Former Blackpool and England winger Trevor Sinclair has urged players who are racially abused during games to stay on the pitch and use their anger as motivation to play harder.
Sinclair, whose other clubs included Manchester City and West Ham, believes players should also report any abuse to the match officials and relevant authorities, and then make sure that proper action is taken against the racists.
Speaking to Press Association Sport at the awards ceremony for a schools competition run by football's anti-discrimination education charity Show Racism the Red Card, Sinclair said he always been aware of racism in the game and British society in general.
"I remember playing in the 1980s and the abuse could be horrific - it was difficult to deal with but in those days you were told to just 'man up and get on with it' and we did," he said.
"I don't think players should walk off the pitch if they are abused because that's what the racists want.
"My advice would be to through the protocol. I'd get on with the game but I'd mention it to the referee, I'd mention it to the governing bodies - UEFA if it's in Europe, or the relevant league if it's here, at whatever level.
"I'd make sure the people in charge are aware of it and I'd make sure they follow it up. But I would stay on the pitch.
"Use it as fuel to fire your performance and show these ignorant racist people that it can't affect you."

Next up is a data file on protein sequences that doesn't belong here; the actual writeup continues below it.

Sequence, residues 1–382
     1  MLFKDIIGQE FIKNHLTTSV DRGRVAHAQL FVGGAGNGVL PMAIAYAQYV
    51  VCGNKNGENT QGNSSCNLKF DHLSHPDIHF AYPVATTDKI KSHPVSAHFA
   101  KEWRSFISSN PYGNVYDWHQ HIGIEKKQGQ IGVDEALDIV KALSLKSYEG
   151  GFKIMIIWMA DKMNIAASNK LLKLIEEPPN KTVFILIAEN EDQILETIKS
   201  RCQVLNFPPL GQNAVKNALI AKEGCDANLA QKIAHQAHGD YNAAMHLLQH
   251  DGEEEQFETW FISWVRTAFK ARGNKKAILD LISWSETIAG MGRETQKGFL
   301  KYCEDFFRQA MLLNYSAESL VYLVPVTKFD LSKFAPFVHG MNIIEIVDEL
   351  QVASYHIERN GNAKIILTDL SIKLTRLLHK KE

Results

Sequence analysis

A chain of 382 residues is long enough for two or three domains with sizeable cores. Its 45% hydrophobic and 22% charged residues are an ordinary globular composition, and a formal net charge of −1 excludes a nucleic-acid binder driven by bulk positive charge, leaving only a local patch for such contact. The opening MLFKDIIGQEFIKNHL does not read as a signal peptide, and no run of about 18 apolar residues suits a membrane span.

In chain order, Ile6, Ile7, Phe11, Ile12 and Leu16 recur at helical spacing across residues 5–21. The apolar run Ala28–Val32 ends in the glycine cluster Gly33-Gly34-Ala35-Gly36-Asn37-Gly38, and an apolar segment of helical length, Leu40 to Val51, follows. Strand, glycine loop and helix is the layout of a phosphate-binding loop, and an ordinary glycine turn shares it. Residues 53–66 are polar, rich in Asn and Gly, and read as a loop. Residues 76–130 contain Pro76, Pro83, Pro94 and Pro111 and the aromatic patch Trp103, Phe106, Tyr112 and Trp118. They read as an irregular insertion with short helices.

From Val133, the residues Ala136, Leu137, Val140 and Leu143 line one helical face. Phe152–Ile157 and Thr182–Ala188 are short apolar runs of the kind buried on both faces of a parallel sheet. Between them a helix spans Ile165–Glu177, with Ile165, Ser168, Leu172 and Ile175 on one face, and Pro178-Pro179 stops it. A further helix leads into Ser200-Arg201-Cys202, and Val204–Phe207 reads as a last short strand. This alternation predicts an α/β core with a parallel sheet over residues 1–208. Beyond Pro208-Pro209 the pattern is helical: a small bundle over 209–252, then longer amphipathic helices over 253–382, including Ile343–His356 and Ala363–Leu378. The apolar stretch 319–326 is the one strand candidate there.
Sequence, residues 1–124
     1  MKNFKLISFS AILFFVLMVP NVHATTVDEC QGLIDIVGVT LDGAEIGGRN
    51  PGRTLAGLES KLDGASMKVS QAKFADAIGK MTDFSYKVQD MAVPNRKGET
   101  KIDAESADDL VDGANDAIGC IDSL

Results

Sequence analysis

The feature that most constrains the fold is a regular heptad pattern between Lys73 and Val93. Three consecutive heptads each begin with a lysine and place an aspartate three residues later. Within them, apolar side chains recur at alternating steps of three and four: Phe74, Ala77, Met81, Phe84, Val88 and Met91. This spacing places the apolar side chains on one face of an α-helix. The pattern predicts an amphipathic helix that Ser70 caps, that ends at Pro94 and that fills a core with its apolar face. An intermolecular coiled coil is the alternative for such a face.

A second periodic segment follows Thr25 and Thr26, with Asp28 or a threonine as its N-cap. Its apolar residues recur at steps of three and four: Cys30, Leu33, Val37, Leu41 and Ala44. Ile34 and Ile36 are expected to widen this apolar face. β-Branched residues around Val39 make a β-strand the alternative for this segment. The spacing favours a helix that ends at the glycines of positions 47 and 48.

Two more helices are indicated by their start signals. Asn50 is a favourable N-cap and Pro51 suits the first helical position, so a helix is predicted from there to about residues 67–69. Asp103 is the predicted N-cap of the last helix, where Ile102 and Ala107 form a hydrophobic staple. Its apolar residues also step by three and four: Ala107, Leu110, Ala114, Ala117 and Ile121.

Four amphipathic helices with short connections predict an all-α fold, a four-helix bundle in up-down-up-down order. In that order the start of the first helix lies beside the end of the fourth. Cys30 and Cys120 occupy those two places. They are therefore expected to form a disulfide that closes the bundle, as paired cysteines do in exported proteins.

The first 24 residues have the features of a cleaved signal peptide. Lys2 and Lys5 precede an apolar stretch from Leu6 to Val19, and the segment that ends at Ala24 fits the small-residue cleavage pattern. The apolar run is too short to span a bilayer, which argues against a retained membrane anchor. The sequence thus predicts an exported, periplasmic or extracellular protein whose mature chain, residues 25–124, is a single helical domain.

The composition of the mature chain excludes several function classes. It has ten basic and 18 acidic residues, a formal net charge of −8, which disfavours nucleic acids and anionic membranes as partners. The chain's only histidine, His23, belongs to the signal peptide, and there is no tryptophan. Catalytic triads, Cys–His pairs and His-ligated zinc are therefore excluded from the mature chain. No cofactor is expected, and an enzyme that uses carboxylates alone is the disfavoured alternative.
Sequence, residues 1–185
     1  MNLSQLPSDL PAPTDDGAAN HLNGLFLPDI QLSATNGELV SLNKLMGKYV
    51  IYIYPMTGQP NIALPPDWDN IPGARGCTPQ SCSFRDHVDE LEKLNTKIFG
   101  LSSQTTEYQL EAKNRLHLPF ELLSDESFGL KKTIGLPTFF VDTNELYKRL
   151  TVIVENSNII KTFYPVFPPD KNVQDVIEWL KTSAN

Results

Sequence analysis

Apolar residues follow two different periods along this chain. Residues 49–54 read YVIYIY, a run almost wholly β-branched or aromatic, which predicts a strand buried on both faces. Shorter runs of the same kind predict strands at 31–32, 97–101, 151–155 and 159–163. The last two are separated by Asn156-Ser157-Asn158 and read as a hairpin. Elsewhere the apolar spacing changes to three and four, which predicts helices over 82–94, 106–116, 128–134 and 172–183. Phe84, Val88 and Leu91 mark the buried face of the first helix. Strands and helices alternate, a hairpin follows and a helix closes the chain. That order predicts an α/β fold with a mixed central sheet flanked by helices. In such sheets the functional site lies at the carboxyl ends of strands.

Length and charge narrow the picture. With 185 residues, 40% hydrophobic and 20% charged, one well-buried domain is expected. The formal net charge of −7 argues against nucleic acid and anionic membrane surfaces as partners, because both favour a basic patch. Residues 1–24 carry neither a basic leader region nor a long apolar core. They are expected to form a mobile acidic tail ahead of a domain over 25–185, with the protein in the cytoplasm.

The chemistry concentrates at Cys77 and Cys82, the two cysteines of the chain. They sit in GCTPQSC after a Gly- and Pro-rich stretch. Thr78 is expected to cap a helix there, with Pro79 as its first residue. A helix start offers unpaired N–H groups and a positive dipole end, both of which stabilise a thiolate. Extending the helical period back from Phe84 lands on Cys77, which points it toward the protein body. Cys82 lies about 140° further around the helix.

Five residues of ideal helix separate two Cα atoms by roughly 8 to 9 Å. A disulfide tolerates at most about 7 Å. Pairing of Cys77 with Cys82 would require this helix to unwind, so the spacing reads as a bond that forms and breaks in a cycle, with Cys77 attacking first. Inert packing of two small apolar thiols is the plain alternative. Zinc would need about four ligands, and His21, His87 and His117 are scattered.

However, there is a little faith in the ability or willingness of match officials and administrators to tackle the issue and Sinclair added: "I understand that. I don't think the punishments have been harsh enough. They've been very lenient and some of the fines that have been given out are an absolute liberty.
"But I go back to the points guys like (ex-QPR and England striker) Les Ferdinand have made and that is the need for clubs, governing bodies, companies, to start embracing diversity in their boardrooms.
"If you do that, you'll have people in positions of authority who are passionate about this. Then you'll get the punishments that will show society won't tolerate this. If the right punishment is there, you can get rid of it."
Sinclair was speaking on the day the Professional Footballers' Association announced the second phase of its #Enough campaign, which saw players stage a 24-hour social media boycott last Friday.
That was in protest against the role social media has played in the recent surge in discriminatory abuse in British football, and the union's next step is to take all the evidence of abuse that it has collated and present it to the sport minister Mims Davies and the social media companies.
Facebook, which also owns Instagram and WhatsApp, contacted the PFA after Friday's boycott and a meeting is being arranged. Twitter has not yet responded to a request for a similar meeting.